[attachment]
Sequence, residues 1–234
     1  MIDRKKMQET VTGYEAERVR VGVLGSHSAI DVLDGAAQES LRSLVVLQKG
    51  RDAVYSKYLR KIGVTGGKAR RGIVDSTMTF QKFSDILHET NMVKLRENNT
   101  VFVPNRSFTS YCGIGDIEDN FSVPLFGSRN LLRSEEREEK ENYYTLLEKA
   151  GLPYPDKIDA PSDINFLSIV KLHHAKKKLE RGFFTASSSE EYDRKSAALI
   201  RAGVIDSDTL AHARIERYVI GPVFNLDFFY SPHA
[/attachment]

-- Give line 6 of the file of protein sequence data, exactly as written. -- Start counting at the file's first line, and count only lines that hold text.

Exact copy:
   201  RAGVIDSDTL AHARIERYVI GPVFNLDFFY SPHA